Alzheimer`s Disease: Secrets for Caregivers

by S. de Champlain on February 10, 2015 - 12:31am

Patience, and repeat. Patience, and repeat again. Repeat until the person with Alzheimer`s disease have stopped asking. This is what I have been telling myself, and probably many other caregivers too.

The United States of America itself have over “5 million [people that] currently have a degenerative brain condition”. We would think that specialists would have found a cure, but research has shown that the percentage of people being diagnosed “continues to spiral upward”.

As caregivers, the goal is to ‘care’ for the person, but also to understand what they have been through, and what they will continue going through with the disease. The major problem with  “caregivers is [that] often […] they’re trying to preserve the person they knew as long as possible”. The problem is that there is no cure, and the only trick is to make their life as enjoyable as it possibly can. Even though one may want to preserve the person, it is likely to not work since it is a degenerative brain condition. In terms of Alzheimer`s disease, it basically means that the person will lose some or a lot of memories. How can a person be the same without the same memories and experiences? A caregiver, family, or friend must learn to accept the new person they became.

There is hope with medicine! As it has been tested, Exelon and Aricept have helped to delay the process and symptoms. Although this may seem like a time machine, it is not. It may or may not work depending on the respond of the person`s body, and it will only help for a period of six to 12 months.

Patients have needs to be fulfilled. They need stimulation, interaction, and even a hobby. They are humans, just like you and I. Although they have the same needs as everyone else, they also need a calm environment with structured routines. A calm environment will help the patient to have a calm behavior, if not one may become agitated and aggressive. Even though a structured routine may not always be possible, it is important to keep it as structured. Hence, it will help to establish a ‘normal’ hunger routine, and sleep habit.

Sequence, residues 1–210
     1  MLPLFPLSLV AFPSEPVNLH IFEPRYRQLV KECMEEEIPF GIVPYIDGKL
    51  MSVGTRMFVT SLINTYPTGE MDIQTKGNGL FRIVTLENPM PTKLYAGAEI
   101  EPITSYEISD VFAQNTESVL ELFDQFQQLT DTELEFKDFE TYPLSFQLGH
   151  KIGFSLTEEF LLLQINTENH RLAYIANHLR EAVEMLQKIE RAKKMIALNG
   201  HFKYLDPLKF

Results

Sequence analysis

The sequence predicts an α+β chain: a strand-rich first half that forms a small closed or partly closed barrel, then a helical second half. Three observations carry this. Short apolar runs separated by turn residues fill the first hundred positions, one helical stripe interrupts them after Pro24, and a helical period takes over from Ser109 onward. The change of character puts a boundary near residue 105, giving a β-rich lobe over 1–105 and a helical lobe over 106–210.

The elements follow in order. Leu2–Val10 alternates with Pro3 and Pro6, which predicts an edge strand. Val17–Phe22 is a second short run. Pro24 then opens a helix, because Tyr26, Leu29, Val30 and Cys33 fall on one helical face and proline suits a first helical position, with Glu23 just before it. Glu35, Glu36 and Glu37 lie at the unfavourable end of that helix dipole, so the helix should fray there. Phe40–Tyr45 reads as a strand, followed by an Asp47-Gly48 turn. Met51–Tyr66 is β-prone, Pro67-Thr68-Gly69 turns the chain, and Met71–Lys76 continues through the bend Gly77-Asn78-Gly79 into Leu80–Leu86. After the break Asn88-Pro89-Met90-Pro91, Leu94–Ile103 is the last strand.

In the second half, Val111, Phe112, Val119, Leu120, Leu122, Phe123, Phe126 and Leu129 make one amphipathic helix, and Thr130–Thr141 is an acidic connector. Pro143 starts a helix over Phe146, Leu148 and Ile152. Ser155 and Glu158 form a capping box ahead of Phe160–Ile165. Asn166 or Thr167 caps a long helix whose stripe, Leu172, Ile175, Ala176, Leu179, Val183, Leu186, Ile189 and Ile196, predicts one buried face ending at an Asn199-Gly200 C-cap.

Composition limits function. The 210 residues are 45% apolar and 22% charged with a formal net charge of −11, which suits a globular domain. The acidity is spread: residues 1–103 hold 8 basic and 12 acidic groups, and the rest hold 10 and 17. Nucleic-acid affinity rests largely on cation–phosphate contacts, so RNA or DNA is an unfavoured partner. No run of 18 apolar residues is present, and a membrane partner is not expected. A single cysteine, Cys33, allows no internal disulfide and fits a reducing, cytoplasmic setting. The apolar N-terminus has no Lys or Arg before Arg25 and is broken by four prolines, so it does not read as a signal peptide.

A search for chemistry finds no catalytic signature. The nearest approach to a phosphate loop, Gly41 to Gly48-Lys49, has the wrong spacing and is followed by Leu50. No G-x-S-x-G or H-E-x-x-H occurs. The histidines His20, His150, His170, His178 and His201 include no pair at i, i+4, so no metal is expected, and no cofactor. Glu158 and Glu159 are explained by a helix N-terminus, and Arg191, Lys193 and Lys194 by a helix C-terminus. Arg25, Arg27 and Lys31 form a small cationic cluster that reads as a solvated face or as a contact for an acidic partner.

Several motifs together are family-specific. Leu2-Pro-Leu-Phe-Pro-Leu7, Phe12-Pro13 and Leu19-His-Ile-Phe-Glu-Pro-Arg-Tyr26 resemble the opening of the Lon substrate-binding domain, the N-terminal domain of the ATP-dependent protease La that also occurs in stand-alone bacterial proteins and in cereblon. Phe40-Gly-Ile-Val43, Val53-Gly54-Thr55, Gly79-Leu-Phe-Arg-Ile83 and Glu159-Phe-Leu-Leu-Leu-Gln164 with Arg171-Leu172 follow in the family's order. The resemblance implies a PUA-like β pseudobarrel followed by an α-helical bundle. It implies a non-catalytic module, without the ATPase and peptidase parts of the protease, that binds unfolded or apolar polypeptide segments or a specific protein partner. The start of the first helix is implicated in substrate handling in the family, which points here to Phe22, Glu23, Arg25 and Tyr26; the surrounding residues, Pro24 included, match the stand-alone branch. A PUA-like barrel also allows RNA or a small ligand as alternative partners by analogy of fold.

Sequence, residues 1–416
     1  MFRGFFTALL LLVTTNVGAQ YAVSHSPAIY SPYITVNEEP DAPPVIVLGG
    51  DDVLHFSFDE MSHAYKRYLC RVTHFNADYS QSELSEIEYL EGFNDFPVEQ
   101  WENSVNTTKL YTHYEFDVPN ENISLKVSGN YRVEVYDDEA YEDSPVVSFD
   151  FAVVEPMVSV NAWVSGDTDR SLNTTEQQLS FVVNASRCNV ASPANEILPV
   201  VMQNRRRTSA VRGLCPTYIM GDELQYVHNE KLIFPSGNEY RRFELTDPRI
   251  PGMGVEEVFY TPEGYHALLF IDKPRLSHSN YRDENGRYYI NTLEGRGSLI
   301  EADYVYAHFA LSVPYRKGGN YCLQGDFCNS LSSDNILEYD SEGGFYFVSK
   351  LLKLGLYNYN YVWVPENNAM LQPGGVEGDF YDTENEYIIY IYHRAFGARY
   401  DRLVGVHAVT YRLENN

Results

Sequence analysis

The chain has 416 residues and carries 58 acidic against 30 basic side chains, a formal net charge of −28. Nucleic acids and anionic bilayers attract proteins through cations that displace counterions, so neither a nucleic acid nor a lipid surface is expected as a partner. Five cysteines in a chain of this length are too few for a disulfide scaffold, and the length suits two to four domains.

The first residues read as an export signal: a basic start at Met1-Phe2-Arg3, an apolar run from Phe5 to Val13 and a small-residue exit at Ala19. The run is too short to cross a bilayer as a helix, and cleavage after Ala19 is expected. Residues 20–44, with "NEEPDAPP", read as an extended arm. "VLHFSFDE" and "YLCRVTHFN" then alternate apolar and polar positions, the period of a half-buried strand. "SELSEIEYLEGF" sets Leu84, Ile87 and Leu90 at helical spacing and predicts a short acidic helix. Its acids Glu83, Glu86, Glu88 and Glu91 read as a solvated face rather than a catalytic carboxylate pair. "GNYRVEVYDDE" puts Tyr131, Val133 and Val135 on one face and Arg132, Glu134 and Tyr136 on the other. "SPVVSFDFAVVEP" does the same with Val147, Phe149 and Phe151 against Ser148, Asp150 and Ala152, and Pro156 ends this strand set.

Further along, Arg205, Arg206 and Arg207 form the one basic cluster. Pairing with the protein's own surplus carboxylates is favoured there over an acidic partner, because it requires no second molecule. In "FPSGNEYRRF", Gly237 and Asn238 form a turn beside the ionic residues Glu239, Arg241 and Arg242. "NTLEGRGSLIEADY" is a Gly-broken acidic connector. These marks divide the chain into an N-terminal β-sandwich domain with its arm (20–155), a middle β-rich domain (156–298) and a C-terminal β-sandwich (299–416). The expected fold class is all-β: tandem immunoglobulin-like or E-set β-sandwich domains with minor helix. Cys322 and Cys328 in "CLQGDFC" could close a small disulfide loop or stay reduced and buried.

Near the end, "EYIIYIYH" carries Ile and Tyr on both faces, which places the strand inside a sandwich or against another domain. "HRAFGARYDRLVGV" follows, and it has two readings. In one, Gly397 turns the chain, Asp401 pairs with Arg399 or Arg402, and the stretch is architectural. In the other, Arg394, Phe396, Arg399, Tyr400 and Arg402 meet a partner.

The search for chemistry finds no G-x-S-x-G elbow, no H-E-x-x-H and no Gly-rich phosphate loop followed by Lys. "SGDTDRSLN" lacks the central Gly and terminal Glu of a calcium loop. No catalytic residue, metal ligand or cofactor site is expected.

To conclude, a caregiver is a key component of “[making] everyday life more bearable”. The person might not know why they feel a certain way, but the caregiver often influences that feeling. Patience, and repeat.

 

Publication: HealthDay: News for Healthier Living

“For Alzheimer`s Caregivers, Patience and Compassion Are Key” – Serena Gordon

Link: http://consumer.healthday.com/cognitive-and-neurological-health-information-26/alzheimer-s-news-20/for-alzheimer-s-caregivers-patience-and-compassion-are-key-668959.html

Comments

It is clear that you feel strongly that Alzheimer’s disease is a part of the world that should be improved. If ever you feel the need to contribute to this change, I found an organization called Alzheimer Society of Montreal. This organization offers volunteer opportunities and services that decrease the stress and consequences in social or personal situations for Alzheimer patients. It is extremely interesting that the Alzheimer Society of Montreal also promotes the research and cure to Alzheimer’s disease. For more information, here is the link to their website: http://www.alzheimer.ca/fr/montreal.

Alzheimer's disease is a growing problem in today's society. It is a struggle for countless families and it will continue to be so until solutions can be found. This issue particularly worries me when I think about the large population of baby boomers and the inevitable large portion of them who will be afflicted by the disease. Alzheimer's is a confusing and difficult disease to cope with both for the afflicted person and their friends and relatives. The Alzheimer's Association is a leading health organization in Alzheimer's care. They seek to advance research in the field, to care for those affected by the disease and to reduce the risks of such diseases. Here is a link to their website: http://www.alz.org/index.asp.